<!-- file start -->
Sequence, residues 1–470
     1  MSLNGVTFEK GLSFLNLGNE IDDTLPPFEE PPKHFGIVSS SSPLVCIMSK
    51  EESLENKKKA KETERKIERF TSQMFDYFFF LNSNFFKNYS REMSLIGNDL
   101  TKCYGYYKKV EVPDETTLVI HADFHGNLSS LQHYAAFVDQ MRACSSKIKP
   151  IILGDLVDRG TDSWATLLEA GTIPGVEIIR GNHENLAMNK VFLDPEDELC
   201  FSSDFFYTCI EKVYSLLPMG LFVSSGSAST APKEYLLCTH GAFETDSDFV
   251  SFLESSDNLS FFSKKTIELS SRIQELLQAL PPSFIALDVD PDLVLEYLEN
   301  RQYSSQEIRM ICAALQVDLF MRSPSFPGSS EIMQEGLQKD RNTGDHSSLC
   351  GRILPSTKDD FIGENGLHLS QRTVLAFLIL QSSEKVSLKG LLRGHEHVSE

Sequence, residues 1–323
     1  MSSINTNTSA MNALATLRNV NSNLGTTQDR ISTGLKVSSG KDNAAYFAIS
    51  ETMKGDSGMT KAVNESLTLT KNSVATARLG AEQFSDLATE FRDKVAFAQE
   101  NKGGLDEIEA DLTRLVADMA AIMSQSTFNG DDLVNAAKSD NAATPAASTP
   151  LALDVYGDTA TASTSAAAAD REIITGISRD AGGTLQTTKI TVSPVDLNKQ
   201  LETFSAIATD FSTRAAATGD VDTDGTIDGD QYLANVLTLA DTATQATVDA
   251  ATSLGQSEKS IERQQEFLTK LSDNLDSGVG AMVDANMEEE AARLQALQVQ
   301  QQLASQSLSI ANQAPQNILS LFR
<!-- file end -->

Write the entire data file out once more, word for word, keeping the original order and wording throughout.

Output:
Sequence, residues 1–470
     1  MSLNGVTFEK GLSFLNLGNE IDDTLPPFEE PPKHFGIVSS SSPLVCIMSK
    51  EESLENKKKA KETERKIERF TSQMFDYFFF LNSNFFKNYS REMSLIGNDL
   101  TKCYGYYKKV EVPDETTLVI HADFHGNLSS LQHYAAFVDQ MRACSSKIKP
   151  IILGDLVDRG TDSWATLLEA GTIPGVEIIR GNHENLAMNK VFLDPEDELC
   201  FSSDFFYTCI EKVYSLLPMG LFVSSGSAST APKEYLLCTH GAFETDSDFV
   251  SFLESSDNLS FFSKKTIELS SRIQELLQAL PPSFIALDVD PDLVLEYLEN
   301  RQYSSQEIRM ICAALQVDLF MRSPSFPGSS EIMQEGLQKD RNTGDHSSLC
   351  GRILPSTKDD FIGENGLHLS QRTVLAFLIL QSSEKVSLKG LLRGHEHVSE

Sequence, residues 1–323
     1  MSSINTNTSA MNALATLRNV NSNLGTTQDR ISTGLKVSSG KDNAAYFAIS
    51  ETMKGDSGMT KAVNESLTLT KNSVATARLG AEQFSDLATE FRDKVAFAQE
   101  NKGGLDEIEA DLTRLVADMA AIMSQSTFNG DDLVNAAKSD NAATPAASTP
   151  LALDVYGDTA TASTSAAAAD REIITGISRD AGGTLQTTKI TVSPVDLNKQ
   201  LETFSAIATD FSTRAAATGD VDTDGTIDGD QYLANVLTLA DTATQATVDA
   251  ATSLGQSEKS IERQQEFLTK LSDNLDSGVG AMVDANMEEE AARLQALQVQ
   301  QQLASQSLSI ANQAPQNILS LFR